Zimbabwe

H.E. Mr. Robert Mugabe, President

24 September 2010 (65th Session)

Statement Summary: 

ROBERT MUGABE, President of Zimbabwe, reaffirmed commitment to the United Nations and, in particular, to its comprehensive agenda for the promotion of peace and security, sustainable development and human rights. Like others, he recognized the need to reform the Organization in order to make it better able to carry out its various mandates. The General Assembly was the most representative organ of the United Nations, and thus its position as the chief deliberative policymaking organ should be respected. Zimbabwe’s position on Security Council reform was well known, and it was “completely unacceptable” that Africa was the only continent without permanent representation in that body.

“Africa’s plea for justice can not continue to be ignored,” he said, adding that Zimbabwe would also continue to advocate greater equality in international economic relations and decision-making structures. The developing world continued to suffer from the effects of the global financial crisis. The critical issues faced would not be addressed when so many countries were left out of the key decision-making processes of institutions of global governance. All countries needed to participate in making policies and taking decisions that affected the lives and livelihoods of their people. To that end, he called for the reform of multilateral financial institutions, including Bretton Woods institutions.

He noted that climate change was one of the most pressing global issues of our time, and that talks in Copenhagen in December 2009 had failed to produce a successor to the Kyoto Protocol. Yet, that conference had been significant as it showed the futility of the rich imposing their views on the poor. The issue of global food security continued to be a matter of great concern and he reiterated the call for an urgent and substantial increase in investment in agriculture in developing countries.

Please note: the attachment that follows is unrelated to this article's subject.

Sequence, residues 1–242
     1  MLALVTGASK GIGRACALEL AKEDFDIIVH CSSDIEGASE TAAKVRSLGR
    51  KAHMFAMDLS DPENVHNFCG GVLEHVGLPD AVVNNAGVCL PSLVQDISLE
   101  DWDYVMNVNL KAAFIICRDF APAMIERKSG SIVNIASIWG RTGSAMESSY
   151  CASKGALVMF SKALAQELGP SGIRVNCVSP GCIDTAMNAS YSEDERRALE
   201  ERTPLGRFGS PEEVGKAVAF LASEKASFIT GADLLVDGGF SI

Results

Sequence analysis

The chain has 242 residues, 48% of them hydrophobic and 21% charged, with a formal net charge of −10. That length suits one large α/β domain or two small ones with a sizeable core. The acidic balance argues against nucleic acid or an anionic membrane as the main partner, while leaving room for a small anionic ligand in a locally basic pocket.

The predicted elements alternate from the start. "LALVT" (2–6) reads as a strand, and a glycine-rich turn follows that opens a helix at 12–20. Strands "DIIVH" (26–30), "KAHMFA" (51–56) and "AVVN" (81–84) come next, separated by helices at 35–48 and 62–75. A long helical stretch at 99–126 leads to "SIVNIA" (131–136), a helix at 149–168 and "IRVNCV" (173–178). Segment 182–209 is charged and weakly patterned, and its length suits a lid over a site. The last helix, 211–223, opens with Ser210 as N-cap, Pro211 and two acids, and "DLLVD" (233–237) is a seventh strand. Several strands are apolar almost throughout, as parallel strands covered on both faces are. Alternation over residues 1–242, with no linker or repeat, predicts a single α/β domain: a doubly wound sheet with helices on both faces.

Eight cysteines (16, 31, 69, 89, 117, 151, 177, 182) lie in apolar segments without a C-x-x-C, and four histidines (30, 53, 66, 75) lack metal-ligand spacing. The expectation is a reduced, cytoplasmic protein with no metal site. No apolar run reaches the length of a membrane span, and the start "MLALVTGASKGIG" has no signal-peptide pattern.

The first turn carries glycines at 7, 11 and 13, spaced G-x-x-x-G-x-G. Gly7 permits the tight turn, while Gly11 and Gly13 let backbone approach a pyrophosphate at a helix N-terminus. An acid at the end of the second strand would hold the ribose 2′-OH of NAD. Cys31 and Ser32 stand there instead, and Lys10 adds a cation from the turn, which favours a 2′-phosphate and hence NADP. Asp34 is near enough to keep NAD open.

Zimbabwe condemned the use of unilateral economic sanctions and other coercive measures in international relations. Such measures were completely at cross-purposes with the principles of international cooperation enshrined in the United Nations Charter. Turning to several other issues, he called for an end to the United States embargo on Cuba, expressed concern over the stalemate in the Middle East peace process, and noted several reforms that were implemented by his Government, such as the Global Political Agreement.

Continuing, he said that constitutional outreach programme was under way, and upon its conclusion would lead to a new draft constitution. The three parties to the Global Political Agreement worked to implement most of the issues they agreed on. In that regard, he commended the Southern African Development Community (SADC), the African Union, the Non-Aligned Movement and indeed like-minded members of the international community who gave their support.


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